Published Apr 13, 2016Hold/Still is a direction, a command and, without a doubt, a fitting title for Suuns' third record. The album art photograph of a woman was captured by a pinhole camera, a device whose method demands the subject remain motionless. The album itself is engaging and captivating, commanding the listener's attention: Ben Shemie's vocals are almost wordlessly whispered (like the spicy "Pie IX" from debut Zeroes QC) and a little more direct, while the instrumentation is more focused, serpentine where it might have been meandering thanks in large part to John Congleton (St. Vincent, Angel Olsen, Sigur Rós).
As they've proven on past recordings, the four-piece from Montreal are masters of approaching the boiling point of sound, nearing but never crossing the threshold, and it's this kind of perfectly anticipatory tease that they master on Hold/Still. The isolation of certain sonic nuances — the throbbing electronic elements, the softness that is disturbed by chaos, the unrelieved tension of it all, the controlled mania — makes this SUUNS' most detail-oriented offering, but it's also their darkest.
Certainly, there have been shadows behind certain songs on the band's previous album (eerie "Edie's Dream" off of Images du Futur, for example), but Hold/Still amplifies the anxiety, in part because no song here adheres to conventional structure. "Resistance" features a slow build, a sonic cruise with Shemie's clear and increasingly more commanding (and borderline maddening) repetition of "resist" that is quickly swallowed whole by Max Henry's expert handling of the keys. "Translate," with doubled up guitar and a frantic Shemie, evoke a definite feeling of uncertainty, suggesting an end result but never attaining it — just dissolving into a steady run from Henry and drummer Liam O'Neill that hits the spot perfectly.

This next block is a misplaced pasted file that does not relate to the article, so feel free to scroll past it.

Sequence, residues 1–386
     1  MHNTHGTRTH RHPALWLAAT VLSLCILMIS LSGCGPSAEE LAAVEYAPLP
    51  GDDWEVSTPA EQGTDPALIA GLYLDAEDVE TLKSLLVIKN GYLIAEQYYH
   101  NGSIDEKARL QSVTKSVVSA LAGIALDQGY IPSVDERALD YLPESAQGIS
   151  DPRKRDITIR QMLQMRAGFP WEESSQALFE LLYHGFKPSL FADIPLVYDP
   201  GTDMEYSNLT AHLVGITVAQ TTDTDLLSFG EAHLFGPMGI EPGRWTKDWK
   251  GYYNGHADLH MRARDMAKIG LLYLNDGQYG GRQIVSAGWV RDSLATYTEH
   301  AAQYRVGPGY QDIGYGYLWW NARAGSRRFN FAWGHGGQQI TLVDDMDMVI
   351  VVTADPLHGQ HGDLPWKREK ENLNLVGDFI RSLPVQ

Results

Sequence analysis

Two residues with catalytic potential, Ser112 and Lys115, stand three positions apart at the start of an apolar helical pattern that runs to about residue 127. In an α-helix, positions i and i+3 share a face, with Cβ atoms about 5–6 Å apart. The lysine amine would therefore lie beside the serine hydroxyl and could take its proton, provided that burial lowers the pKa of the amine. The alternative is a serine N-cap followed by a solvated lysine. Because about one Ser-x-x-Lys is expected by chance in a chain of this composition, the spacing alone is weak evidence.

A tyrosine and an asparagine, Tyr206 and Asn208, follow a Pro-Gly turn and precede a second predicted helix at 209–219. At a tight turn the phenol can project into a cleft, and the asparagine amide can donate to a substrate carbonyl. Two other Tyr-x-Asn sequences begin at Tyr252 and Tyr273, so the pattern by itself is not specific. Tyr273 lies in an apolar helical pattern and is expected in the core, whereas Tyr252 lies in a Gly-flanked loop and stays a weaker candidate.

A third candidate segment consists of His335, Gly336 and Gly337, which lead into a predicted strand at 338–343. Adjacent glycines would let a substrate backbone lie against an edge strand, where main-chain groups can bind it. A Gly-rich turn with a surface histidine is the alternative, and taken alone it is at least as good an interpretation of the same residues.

The record has a spiritual bent, with lyrics influenced by religious text: "Look at the sky, I want to believe, I want to receive," Shemie croons on the wavering "Instrument" (featuring one of the most satisfying instrumental breaks Suuns have composed to date), while "Brainwash" — a softer song, until unexpectedly cacophonous drum hits knock you out — questions, "Do you know, all-knowing? / Do you see, all-seeing?"
There are sexual themes here, too. The title of the sensual "Mortise and Tenon" references an antiquated woodworking joinery term (wink wink!) and the moans of Shemie and sneaking guitar of the deliciously creepy and disordered "Paralyzer" are both suggestive in their own way.
Ultimately, Hold/Still feels like a true progression for Suuns — not a complete reinvention, but a distillation of what they do best. Moving in a decisively more electronic direction, Shemie and guitarist Joe Yarmush bend the limits of guitar music more than ever, never playing conventionally with a full or true chord, breathing a new, reinvented sound into the aging instrument. The pulsating "UN-NO," for example, whose title is a clever reworking of the word forget, could be considered this album's "2020," but with the guitar squealing and scaling down the neck rather than up. Meanwhile, keyboardist Henry shines, given full reign to add the ideal swell, thicken the pulse or add to the looming doom.
Experimental, textured, destructive, booming, progressive and at times disturbing, Hold/Still finds the tense, perfect middle between darkness and light, cold but burning hot with desire. (Secret City)